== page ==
Sunflower WMA is located in Sharkey County near Rolling Fork. Take Hwy 16 east from Rolling Fork about 9 miles. Turn right onto Pipleline Road for approximately 1 mile; turn right, before check station. Headquarters .25 miles, on left. If you have any questions regarding Sunflower WMA call (601) 661-0294.
Long Bayou on Sunflower WMA
Sunflower Wildlife Management Area is approximately 60,000 acres
located in Delta National Forest, which is owned by the US Forest
Service (USFS). The WMA is located in Sharkey County, about
10 miles east of Rolling Fork, and was established in 1955.
Consisting entirely of bottomland hardwood forest, with stands
varying in age from regeneration areas to mature forests, the major
tree species on the area are water, willow, overcup, and Nuttall
oaks, ash, sugarberry, sweetgum, and cypress. Management of
timber stands is entirely handled by the USFS.
There are several water control structures managed by the USFS
that flood sloughs for winter waterfowl use. Two GTR levees
and more than 30 food plots are planted by the MDWFP and USFS
personnel to provide additional food for wildlife.
Recreational opportunities include fishing in the scattered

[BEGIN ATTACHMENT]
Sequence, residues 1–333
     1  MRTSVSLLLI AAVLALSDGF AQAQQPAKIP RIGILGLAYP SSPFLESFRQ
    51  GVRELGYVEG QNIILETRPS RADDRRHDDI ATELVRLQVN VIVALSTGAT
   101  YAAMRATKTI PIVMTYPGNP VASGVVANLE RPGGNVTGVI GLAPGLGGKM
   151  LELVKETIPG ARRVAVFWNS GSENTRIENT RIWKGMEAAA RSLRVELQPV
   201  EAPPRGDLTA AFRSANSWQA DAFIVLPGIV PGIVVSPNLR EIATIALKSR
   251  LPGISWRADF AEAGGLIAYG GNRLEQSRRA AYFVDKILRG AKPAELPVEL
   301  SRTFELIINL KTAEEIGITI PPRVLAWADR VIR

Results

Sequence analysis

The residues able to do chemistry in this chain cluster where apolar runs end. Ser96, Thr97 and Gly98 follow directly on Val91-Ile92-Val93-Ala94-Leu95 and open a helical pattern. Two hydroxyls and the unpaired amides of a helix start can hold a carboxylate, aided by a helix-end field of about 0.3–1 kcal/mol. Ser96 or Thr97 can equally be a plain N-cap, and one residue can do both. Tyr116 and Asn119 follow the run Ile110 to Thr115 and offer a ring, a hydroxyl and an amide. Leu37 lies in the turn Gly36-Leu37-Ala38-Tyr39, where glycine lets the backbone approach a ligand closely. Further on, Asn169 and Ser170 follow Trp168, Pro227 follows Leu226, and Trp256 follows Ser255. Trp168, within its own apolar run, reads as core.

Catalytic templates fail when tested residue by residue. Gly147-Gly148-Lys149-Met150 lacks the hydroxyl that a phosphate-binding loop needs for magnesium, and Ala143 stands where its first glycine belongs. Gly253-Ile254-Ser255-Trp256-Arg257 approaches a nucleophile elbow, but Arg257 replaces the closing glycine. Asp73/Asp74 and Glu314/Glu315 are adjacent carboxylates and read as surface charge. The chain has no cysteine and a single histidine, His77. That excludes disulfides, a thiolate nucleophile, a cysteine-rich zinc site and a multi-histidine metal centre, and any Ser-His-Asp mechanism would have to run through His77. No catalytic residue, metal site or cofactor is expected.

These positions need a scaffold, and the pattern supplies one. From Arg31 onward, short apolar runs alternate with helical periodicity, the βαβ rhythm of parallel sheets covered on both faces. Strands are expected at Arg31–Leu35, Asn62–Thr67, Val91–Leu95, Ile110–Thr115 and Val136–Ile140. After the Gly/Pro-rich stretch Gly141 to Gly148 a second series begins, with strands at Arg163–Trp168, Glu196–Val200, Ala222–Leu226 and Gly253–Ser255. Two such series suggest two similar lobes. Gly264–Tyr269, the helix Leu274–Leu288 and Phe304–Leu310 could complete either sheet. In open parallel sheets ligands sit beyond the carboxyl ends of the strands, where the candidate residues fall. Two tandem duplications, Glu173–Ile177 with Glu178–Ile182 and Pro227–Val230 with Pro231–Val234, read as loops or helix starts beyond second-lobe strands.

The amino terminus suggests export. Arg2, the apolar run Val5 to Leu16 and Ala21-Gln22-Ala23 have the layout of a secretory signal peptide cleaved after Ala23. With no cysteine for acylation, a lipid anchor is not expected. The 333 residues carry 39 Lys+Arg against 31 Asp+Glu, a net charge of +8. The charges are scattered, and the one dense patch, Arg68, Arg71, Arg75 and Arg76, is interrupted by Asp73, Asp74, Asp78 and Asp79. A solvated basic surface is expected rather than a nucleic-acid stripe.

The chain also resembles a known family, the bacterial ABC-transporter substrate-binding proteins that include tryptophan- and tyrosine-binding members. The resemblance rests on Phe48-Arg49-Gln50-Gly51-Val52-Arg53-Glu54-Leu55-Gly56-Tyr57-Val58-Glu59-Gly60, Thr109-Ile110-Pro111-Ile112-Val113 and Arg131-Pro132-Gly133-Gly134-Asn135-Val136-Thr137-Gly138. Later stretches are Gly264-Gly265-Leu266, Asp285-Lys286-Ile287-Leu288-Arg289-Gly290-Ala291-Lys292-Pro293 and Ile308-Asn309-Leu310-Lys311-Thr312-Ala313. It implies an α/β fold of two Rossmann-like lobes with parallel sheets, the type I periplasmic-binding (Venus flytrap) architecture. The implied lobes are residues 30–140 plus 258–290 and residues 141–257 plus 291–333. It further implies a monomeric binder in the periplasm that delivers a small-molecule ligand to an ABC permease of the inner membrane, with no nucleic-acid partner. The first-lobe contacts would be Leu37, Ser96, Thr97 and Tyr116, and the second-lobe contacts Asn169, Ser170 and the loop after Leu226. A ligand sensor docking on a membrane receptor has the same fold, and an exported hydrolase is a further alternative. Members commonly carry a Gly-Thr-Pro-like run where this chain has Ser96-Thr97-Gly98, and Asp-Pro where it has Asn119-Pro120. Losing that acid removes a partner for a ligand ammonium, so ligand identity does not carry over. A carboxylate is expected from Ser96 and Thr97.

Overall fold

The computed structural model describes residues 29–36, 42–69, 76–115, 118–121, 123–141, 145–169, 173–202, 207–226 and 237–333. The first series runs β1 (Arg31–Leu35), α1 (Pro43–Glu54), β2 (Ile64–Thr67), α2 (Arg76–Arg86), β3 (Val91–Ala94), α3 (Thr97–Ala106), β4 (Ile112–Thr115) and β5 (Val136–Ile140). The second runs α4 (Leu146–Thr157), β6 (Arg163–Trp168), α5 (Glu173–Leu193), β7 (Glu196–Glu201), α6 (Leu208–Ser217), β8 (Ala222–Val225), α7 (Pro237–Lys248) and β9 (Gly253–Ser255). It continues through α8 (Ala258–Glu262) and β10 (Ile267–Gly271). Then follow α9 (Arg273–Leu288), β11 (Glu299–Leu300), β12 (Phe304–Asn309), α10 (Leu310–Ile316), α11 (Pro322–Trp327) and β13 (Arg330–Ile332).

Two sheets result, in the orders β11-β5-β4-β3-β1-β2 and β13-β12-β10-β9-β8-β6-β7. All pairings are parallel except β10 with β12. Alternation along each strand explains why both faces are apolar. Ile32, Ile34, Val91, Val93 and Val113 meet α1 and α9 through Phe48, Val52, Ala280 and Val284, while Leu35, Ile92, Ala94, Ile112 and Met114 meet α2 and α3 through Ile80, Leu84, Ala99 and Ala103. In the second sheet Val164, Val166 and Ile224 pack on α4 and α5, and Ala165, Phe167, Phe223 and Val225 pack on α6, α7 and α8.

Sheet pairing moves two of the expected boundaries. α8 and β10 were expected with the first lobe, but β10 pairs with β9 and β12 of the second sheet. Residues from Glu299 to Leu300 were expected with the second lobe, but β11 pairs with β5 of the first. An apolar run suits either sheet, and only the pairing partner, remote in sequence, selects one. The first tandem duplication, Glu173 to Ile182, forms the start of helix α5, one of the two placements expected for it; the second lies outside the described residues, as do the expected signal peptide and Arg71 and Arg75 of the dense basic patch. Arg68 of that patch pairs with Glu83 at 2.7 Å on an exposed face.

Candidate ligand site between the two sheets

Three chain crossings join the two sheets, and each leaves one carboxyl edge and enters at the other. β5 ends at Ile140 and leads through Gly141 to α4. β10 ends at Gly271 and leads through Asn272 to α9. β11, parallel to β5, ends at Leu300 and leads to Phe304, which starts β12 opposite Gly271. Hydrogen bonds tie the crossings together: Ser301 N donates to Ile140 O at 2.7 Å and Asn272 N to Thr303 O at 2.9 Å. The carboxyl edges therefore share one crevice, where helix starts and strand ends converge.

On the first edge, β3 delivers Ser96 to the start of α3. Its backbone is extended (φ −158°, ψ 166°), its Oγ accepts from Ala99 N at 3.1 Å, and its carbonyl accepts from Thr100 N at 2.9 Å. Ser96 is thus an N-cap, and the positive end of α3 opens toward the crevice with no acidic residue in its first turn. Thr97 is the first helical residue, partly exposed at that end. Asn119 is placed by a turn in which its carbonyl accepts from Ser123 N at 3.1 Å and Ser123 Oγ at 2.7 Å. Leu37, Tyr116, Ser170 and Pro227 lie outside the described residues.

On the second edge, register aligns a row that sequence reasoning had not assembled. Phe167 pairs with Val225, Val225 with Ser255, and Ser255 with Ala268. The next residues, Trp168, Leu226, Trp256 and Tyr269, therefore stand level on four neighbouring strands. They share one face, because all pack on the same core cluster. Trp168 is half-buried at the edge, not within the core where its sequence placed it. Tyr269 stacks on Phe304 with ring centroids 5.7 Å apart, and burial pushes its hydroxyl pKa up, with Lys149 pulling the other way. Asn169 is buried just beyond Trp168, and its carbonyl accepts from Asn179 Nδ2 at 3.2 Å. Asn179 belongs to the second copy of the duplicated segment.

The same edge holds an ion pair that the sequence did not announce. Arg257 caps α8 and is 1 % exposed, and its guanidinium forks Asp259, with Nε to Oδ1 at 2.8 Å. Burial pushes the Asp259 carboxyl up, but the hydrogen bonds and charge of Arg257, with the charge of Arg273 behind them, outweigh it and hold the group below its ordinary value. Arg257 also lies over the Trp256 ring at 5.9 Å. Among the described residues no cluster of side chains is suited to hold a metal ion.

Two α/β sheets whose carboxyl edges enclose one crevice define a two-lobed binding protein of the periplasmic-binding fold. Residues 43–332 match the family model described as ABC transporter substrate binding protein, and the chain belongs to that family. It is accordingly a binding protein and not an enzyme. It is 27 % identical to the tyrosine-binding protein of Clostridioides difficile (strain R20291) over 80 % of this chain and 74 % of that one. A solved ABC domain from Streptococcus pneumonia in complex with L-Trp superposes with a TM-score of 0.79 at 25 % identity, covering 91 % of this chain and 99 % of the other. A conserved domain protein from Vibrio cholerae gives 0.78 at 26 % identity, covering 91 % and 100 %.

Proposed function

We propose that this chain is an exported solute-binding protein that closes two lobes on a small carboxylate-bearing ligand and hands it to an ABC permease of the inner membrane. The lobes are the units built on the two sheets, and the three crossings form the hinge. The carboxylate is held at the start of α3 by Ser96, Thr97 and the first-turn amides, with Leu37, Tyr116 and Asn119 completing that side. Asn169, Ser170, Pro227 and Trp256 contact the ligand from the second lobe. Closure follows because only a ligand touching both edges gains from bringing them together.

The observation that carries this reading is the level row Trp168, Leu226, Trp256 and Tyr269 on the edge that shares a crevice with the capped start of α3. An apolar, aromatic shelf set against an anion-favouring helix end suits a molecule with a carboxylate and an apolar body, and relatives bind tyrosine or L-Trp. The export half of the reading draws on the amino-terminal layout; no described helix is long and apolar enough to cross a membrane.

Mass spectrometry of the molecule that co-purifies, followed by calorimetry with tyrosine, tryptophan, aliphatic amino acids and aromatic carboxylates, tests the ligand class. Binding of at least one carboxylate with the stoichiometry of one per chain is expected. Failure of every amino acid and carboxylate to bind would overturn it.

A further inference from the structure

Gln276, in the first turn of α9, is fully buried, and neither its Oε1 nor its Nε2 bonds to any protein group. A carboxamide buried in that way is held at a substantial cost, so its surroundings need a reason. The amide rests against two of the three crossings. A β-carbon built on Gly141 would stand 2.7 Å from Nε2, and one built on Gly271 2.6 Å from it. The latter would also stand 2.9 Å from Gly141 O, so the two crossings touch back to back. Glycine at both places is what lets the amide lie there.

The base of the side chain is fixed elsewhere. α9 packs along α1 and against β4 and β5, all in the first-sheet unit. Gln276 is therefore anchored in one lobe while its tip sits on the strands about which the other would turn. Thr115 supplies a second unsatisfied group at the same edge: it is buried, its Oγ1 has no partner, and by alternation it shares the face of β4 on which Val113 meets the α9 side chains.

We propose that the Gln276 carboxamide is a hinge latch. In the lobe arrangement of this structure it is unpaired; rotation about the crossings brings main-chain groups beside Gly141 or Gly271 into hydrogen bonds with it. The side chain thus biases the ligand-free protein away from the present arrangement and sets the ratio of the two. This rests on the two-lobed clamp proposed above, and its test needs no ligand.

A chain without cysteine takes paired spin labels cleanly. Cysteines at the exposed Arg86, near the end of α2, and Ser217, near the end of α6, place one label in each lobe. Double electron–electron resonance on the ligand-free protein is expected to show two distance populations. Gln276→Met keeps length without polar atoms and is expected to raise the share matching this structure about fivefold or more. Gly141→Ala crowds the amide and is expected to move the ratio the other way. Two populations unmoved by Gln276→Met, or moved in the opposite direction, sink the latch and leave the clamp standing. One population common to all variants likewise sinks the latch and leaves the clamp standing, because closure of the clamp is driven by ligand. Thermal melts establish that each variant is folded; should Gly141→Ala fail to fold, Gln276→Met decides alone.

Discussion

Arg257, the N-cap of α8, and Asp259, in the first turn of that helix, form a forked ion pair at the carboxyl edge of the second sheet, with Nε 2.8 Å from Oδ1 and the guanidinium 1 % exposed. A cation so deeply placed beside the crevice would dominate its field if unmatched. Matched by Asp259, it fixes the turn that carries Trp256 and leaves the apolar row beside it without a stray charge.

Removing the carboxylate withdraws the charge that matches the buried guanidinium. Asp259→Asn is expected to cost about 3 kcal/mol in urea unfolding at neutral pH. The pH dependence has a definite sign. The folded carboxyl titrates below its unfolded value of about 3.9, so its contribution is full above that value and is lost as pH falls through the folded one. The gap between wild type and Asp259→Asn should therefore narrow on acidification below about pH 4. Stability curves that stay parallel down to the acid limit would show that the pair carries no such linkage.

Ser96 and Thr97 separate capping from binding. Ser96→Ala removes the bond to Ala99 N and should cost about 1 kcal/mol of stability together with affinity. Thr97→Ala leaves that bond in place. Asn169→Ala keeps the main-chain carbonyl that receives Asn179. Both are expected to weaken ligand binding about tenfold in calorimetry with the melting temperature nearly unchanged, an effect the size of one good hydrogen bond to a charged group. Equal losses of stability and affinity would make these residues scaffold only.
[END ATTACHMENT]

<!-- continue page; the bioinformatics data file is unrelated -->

lakes or on the Big and Little Sunflower Rivers, which are
accessible by two boat ramps. Hunting deer, turkeys,
squirrels, and waterfowl are also popular activities.
Regulations allow deer hunting with archery, primitive weapon, and
modern gun. Bucks are not eligible for harvest unless they
have an inside spread of at least 15 inches, or one main beam
length of at least 18 inches. Antlerless harvest is allowed
on opening weekend, during primitive weapon season, and in the late
archery season during January. The deer herd health
evaluations on Sunflower show that the deer herd is in very good
condition. This, in conjunction with the 15 or 18 inch rule,
will allow for greater antler development as long as the deer herd
is maintained at a level that does not stress the habitat.
Squirrel hunting is very popular on Sunflower. The black
color phase of the fox squirrel is common on the area, and hunters
travel from all over the state for the opportunity to harvest a
black squirrel. Turkey hunting is also allowed in the spring;
however, a special permit is required to hunt during the first
part of the season. Hunting access can be made easier by
using the numerous primitive campsites scattered throughout the
forest that are managed by the USFS. Non-consumptive
activities such as hiking and bird watching are also
encouraged. There is a nature trail at Blue Lake that is
managed by the USFS with plaques in place along the trail to
provide information about plants and animals.